Prevention Principle won’t override parties’ agreement

  • Legal update

    30 September 2018

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A recent decision from the UK Court of Appeal stands as a firm reminder that what the parties agree and record in contract is the starting point when a dispute arises.

In North Midland Building Limited v Cyden Homes Limited [2018] EWCA Civ 1744, the contractor North Midland Building (North Midland) had contracted out of the Prevention Principle and was therefore liable to the principal, Cyden Homes (Cyden) for not completing the works on time.

Unless a construction contract says otherwise, generally a principal will be unable to rely on delay provisions in its favour and recover from a contractor if the delay was in some way caused by the principal itself as well as the contractor.

In this scenario, when there are two causes of the delay acting together (known as “Concurrent Delay”) the Prevention Principle prevents a principal from claiming against the contractor for delay.

The net effect of the Prevention Principle being upheld can be twofold:

  • the completion date for the contractor is no longer strict and instead the contractor can complete the project within “a reasonable time”; and
  • the principal may no longer be able to rely on a liquidated damages clause for delay, instead having to set about establishing its entitlement to common law damages which are more difficult to calculate and involve proving that the contractor did not complete within a reasonable time (which can be an onerous undertaking in and of itself)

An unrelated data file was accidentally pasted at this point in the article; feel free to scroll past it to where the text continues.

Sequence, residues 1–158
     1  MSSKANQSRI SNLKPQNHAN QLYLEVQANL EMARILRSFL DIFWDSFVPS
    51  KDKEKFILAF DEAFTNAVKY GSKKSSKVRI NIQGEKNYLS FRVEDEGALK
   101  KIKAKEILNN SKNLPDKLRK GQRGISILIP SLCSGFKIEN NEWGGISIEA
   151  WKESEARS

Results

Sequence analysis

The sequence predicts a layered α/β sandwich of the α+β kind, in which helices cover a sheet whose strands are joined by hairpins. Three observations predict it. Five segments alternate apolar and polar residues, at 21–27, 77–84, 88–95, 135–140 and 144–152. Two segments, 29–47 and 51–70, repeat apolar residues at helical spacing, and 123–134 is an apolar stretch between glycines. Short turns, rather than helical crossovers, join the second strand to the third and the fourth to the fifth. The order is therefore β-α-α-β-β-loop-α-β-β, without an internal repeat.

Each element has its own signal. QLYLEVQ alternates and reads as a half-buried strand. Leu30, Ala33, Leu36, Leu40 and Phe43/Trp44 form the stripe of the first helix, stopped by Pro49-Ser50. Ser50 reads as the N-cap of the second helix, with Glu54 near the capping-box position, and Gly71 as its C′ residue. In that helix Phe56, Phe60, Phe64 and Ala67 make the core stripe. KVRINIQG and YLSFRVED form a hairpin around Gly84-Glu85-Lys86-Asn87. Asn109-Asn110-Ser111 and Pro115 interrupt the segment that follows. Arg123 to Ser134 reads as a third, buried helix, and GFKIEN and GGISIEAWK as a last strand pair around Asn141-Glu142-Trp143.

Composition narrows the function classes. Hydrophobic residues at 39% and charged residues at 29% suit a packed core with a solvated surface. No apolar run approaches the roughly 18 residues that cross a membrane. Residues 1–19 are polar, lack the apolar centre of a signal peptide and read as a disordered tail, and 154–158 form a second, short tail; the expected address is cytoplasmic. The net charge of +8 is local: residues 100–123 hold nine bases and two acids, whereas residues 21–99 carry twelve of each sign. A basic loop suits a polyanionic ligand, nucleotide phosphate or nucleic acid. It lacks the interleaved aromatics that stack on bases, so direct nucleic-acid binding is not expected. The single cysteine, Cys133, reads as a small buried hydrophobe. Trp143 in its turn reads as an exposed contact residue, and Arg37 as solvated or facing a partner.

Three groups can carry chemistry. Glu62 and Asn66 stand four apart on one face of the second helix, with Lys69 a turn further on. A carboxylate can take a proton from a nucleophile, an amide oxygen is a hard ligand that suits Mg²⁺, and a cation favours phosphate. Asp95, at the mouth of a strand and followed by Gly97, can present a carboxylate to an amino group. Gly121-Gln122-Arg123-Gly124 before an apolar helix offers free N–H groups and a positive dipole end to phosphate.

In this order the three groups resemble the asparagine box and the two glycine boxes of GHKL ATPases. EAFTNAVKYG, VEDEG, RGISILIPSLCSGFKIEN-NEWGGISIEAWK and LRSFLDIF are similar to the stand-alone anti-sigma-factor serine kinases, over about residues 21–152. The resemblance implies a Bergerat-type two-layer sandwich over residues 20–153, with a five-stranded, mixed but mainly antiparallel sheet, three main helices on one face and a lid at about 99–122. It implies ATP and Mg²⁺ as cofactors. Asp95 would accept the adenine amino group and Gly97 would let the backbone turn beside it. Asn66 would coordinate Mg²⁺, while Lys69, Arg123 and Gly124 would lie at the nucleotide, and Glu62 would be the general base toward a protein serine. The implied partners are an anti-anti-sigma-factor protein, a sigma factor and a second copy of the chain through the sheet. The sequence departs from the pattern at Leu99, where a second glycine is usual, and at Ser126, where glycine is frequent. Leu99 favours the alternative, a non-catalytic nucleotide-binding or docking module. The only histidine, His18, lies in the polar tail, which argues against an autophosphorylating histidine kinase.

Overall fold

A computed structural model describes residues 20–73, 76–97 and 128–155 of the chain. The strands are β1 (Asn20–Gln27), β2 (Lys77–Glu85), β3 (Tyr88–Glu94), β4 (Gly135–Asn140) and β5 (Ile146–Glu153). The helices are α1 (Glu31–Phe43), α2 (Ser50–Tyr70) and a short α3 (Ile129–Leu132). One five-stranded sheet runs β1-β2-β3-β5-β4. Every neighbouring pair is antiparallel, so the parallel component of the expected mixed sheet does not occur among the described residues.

A case of a clause

The contract between North Midland and Cyden was a standard form design and build contract. The standard terms may have allowed for the Prevention Principle to have effect in favour of North Midland, but the amendments to the standard terms squarely placed the cost arising out of any Concurrent Delay on North Midland.

North Midland argued that because the clause was contrary to the Prevention Principle, it must have no effect. The Court’s reasons for rejecting North Midland’s arguments included:

  • No case law indicates that the Prevention Principle has any overriding force;
  • Case law, in fact, indicates that the Prevention Principle can be contracted out of; and
  • The contract provided for extensions of time in the event of any acts of prevention by the principal and the case law indicates that when such provisions exist, the Prevention Principle does not take effect (See for example the New Zealand case of Fernbrook Trading Co Ltd v Taggart [1979] 1 NZLR 556 where the court held that the Prevention Principle applied due to there being no such provision in the contract).
Contract first; principles later

Common law principles (such as the Prevention Principle) often promote construction of contractual terms in favour of the contractor. In the UK, these common law principles have been organised into a scheme for dealing with delay and disruption events in the Society of Construction Law Delay and Disruption Protocol. However such principles will succumb in the face of contractual provisions contrary to them. These principles cannot be resorted to in an attempt to read down – or strike down – a contractual provision agreed between the parties.

This case is a reminder of the need for parties to be aware of what they are contracting into (and out of) in light of clear indications from courts such as this that contracts will be honoured – even if the net result of doing so may not seem ‘fair’. We think this is particularly evident in light of recent New Zealand decisions in the context of assessing liquidated damages clauses (See our article on Honey Bees and Torchlight) which display a judicial hesitancy in New Zealand toward interfering in contractual arrangements made between commercial parties.

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